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Comment Re:Houston (Score 1) 394

What works for Houston isn't likely to work for Seattle. Seattle has significant geographical constraints and land isn't cheap. We just can't spread out in the same way that other cities can. The more sprawled Seattle gets, the more stress gets put onto our transportation system. Remember that the geography is very isthmus-like, so just about everybody converges on just a few north-south corridors. It all boils down to land use. We don't have much of it, so we need to use what we have as efficiently as possible, and combine that with high capacity transportation. But that's not an easy (or cheap) problem to solve.

Comment Here's what I did. (Score 2, Informative) 540

I got my degree in computer science and began grad school, but dropped out after one quarter. Not having had any real world experience, I felt like I was up a certain creek without a certain instrument. I began to use a local placement agency (one that specialized in tech jobs) to find a job in the Seattle area, and after a few searches I found one that looked interesting. No, it was not a full-time job, it was an internship, but it was a development position with an up-and-coming company that would, at the very least, get me some real programming experience. They offered me the job and while I got very few benefits and a fairly low wage, I took it anyway. I worked in my internship for an entire year without being offered a job. However, I made a very good impression with the company (this is important). After my internship ended, I accepted a QA job contracting at a different company. I did not enjoy this job at all, but stuck with it and kept in touch with my former employers from time to time. Finally, an ideal full-time programming position opened up at the first company, I interviewed, got offered the job, and happily accepted. It's been over a year since then and while I still have a lot to learn, I have a full-time development job and I love it. At first I did not like the idea of accepting an internship because I already had a bachelor's degree, but in retrospect, it was the best decision I could have possibly made.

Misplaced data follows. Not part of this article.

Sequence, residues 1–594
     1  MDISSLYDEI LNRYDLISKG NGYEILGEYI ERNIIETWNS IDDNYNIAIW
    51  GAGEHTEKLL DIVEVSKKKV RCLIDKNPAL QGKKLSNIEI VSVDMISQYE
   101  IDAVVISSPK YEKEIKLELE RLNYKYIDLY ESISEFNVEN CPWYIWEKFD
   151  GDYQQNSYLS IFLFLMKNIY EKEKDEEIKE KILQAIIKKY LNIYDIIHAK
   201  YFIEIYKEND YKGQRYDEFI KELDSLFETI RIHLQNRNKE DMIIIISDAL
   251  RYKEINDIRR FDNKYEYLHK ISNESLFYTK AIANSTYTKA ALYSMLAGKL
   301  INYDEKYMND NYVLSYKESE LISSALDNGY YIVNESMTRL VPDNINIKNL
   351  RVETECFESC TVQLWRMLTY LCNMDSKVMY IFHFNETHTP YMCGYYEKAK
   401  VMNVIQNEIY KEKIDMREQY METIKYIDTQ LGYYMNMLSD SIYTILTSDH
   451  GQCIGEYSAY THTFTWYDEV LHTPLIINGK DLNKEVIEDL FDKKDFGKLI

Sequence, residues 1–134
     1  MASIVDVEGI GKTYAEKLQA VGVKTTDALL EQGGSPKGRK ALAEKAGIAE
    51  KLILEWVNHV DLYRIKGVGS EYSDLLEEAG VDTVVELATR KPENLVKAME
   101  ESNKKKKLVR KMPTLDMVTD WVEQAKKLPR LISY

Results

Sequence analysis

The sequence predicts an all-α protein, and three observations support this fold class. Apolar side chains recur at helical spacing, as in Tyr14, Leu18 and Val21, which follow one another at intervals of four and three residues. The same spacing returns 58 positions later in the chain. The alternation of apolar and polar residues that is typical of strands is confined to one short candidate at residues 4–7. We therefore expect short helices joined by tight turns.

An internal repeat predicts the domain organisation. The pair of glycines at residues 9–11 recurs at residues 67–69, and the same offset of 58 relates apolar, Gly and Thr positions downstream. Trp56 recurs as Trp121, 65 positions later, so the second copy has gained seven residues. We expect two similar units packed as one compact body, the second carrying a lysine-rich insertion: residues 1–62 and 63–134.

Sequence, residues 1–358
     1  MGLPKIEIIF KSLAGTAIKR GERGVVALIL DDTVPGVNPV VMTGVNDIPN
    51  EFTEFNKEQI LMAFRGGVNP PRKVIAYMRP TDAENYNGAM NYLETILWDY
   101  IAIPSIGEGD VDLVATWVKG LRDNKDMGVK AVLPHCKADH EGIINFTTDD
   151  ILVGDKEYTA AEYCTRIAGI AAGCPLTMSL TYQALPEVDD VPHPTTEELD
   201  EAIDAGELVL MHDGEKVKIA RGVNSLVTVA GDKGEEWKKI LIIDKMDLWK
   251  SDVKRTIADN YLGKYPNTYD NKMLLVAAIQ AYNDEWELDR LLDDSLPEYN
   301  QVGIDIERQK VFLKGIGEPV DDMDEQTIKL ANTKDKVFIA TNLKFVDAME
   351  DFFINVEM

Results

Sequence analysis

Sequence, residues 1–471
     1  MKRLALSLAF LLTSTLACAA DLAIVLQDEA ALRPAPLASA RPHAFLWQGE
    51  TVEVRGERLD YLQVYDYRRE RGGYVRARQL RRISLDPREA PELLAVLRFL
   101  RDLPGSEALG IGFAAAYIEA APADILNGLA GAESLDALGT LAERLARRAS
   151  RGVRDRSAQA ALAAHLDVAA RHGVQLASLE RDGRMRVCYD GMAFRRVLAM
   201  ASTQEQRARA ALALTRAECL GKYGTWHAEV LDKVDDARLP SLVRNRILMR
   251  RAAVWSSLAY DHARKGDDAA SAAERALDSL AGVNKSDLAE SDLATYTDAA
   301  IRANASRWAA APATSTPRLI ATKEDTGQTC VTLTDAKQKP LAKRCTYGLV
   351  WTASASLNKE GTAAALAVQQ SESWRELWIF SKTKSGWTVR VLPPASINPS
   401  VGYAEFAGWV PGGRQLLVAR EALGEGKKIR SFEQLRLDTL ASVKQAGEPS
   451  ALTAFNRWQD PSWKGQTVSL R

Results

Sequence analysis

Submission + - Scientists create pollution eating trees (

mabersold writes: University of Washington scientists have developed poplar trees that could remove dangerous chemicals such as benzene and TCE from contaminated areas. How did they do it? By splicing in rabbit DNA, of course. It'll be a few years before we start seeing the mutant trees planted in actual polluted soil, but tests are currently being carried out in laboratories using tiny trees grown in chemical solutions.

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